Fig. 3 Between-group a priori regions of interest with greater activation. A, Greater activation was observed in the dorsal anterior cingulate cortex of the TD controls relative to the FraX group for neutral face minus scrambled face contrast (IQ and task performance covaried out). B, Differences observed between groups in peak coordinate (Talairach coordinates: 6, 11, 29) for neutral face minus scrambled face baseline and for neutral face minus fixation baseline. C, Greater activation was observed in the caudate of the TD controls relative to the FraX group for sad faces minus scrambled faces (IQ and task performance covaried out). D, Differences observed between groups in peak coordinate (Talairach coordinates: j26, 2, 4) for sad face minus scrambled face baseline and for sad face minus fixation baseline.

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TABLE 3 Coordinates in Talairach Space and Associated Peak z Scores Showing the BOLD Differences for Interactions of Neutral Faces Minus Scrambled Faces Coordinates Brain Regions

BA

Typically developing group versus fragile X group (accuracy, IQ covaried out), neutral minus scrambled R cingulate gyrus, R anterior cingulate cortex 24/32 R precuneus 31/7 R dorsal anterior cingulate 24/31

p

Cluster Size

z Scores

x

<.001 <.002 <.024

1,389 830 575

4.37 3.88 3.48

6 12 14

y

11 j61 j4

z

29 29 41

Note: BA = Brodmann area; BOLD = Blood oxygen levelYdependent; L = left; R = right.

differences in RT for correct responses between conditions were observed within group, neither for the FraX group nor for the TD group (Fig. 1C). No correlations between FSIQ, RT, and accuracy were found for either the TD group or the FraX group. Furthermore, the FraX group showed no correlation between FMRP levels and these behavioral indices ( p 9 .05). fMRI Data

Within-Group Analysis.Results of within-group analyses can be found in Supplemental Digital Content Tables A to C, at http://links.lww.com/A570, http://links. lww.com/A571, and http://links.lww.com/A572, respectively. Between-Group Analysis. Sad faces minus neutral faces. When IQ and performance accuracy for sad faces were regressed out of the analysis (designated as nuisance variables), the FraX group did not show any regions with significantly greater activation compared with the TD group. However, three clusters of activation remained significant for the TD9FraX comparison. One circumscribed cluster peaked in the right cuneus. Another cluster peaked in the right precentral gyrus, with activation extending to the right postcentral gyrus and the insula. A final cluster peaked in the left inferior parietal lobe, with activation extending to the left insula and the left precentral gyrus (Table 1, Fig. 2A). Happy faces minus neutral faces. The TD group did not show any regions with significantly greater activation for happy faces compared with the FraX group when IQ and performance accuracy were regressed out of the analysis. However, three clusters of activation remained significant for the FraX9TD comparison. One cluster peaked in the left lingual gyrus, with activation extending to the right precuneus and the left cuneus. Another cluster peaked in the right precentral gyrus, with activation extending to the right middle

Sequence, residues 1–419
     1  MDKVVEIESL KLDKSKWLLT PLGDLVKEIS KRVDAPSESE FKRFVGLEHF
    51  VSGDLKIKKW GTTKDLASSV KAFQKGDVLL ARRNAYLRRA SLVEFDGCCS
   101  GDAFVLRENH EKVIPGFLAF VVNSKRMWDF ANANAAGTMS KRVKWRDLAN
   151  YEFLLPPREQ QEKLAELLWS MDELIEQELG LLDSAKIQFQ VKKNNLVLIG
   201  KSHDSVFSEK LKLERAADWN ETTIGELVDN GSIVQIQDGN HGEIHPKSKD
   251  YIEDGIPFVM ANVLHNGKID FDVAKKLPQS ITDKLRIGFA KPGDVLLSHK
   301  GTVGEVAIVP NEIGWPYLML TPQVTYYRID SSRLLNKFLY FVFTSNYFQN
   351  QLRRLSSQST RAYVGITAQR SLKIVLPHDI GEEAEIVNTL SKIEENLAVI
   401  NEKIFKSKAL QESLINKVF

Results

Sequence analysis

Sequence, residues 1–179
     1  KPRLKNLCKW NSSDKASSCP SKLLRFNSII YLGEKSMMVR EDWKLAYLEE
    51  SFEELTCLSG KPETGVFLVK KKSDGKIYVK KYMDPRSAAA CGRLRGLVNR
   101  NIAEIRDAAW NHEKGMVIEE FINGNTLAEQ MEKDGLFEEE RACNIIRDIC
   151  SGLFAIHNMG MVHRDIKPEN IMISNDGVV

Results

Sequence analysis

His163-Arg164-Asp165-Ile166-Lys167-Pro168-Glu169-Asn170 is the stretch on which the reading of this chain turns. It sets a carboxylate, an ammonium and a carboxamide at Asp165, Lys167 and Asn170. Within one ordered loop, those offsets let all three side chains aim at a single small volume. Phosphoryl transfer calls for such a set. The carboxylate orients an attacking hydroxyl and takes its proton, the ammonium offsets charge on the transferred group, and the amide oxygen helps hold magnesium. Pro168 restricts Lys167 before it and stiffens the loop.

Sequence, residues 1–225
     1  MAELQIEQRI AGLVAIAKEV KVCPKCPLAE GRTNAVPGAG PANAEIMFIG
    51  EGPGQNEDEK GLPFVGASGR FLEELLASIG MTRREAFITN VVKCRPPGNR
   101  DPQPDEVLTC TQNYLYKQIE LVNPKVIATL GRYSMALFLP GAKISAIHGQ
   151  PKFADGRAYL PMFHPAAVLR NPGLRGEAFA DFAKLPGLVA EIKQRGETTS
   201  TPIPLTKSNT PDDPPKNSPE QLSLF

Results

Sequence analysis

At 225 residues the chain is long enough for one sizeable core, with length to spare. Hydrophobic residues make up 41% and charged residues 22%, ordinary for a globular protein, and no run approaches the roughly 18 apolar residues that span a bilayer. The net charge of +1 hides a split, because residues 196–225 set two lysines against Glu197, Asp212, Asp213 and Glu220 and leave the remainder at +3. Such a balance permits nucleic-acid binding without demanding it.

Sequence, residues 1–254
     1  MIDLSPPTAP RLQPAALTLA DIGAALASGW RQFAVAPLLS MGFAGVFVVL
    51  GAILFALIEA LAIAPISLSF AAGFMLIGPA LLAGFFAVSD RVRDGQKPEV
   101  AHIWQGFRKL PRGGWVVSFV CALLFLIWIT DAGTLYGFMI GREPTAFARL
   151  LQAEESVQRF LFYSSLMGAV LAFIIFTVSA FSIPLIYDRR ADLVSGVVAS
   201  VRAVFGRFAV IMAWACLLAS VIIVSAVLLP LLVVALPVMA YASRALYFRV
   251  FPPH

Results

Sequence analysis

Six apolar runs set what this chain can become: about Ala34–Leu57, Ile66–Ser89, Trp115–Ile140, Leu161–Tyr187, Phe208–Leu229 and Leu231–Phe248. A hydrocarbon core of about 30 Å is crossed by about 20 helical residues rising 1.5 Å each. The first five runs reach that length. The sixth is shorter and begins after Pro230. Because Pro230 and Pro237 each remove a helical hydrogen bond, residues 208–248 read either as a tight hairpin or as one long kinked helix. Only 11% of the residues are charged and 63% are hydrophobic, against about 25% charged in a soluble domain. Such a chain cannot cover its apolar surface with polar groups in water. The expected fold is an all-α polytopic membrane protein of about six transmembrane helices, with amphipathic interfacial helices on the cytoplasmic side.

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frontal gyrus and the right insula. The final cluster was observed peaking in the left precentral gyrus, with activation extending to the left postcentral gyrus (Table 2, Fig. 2B). Neutral faces minus scrambled faces. The FraX group did not show any regions with significantly greater activation compared with the TD group when IQ and performance accuracy for neutral faces were regressed out of the analysis. However, three clusters of activation remained significant for the TD9FraX comparison. One cluster peaked in the right cingulate gyrus and extended to the right ACC. A more circumscribed cluster peaked in the precuneus. The final cluster was observed peaking bilaterally in the dorsal ACC (dACC; Table 3, Figs. 3A, B). Sad faces minus scrambled faces. With IQ and performance accuracy regressed out of the analysis, the female subjects with FraX did not show any regions with greater activation than the TD group for sad faces. However, four clusters of activation remained significantly different for the TD9FraX comparison. One cluster was observed peaking bilaterally in the lentiform nucleus and extended to the left claustrum, putamen, and caudate (Figs. 3C, D). Another cluster observed peaked in the left superior frontal gyrus and extended to the left middle frontal gyrus. A third cluster was observed peaking in the left inferior parietal lobule. The final cluster was seen peaking bilaterally in the precuneus (Table 1). Happy faces minus scrambled faces. When IQ and task performance were regressed out of the analysis, no activation remained significantly different between groups, neither for the TD9FraX comparison nor for the FraX9TD comparison (Table 2). Correlational Analyses. Fragile X mental retardation protein. To examine whether variation in FMRP was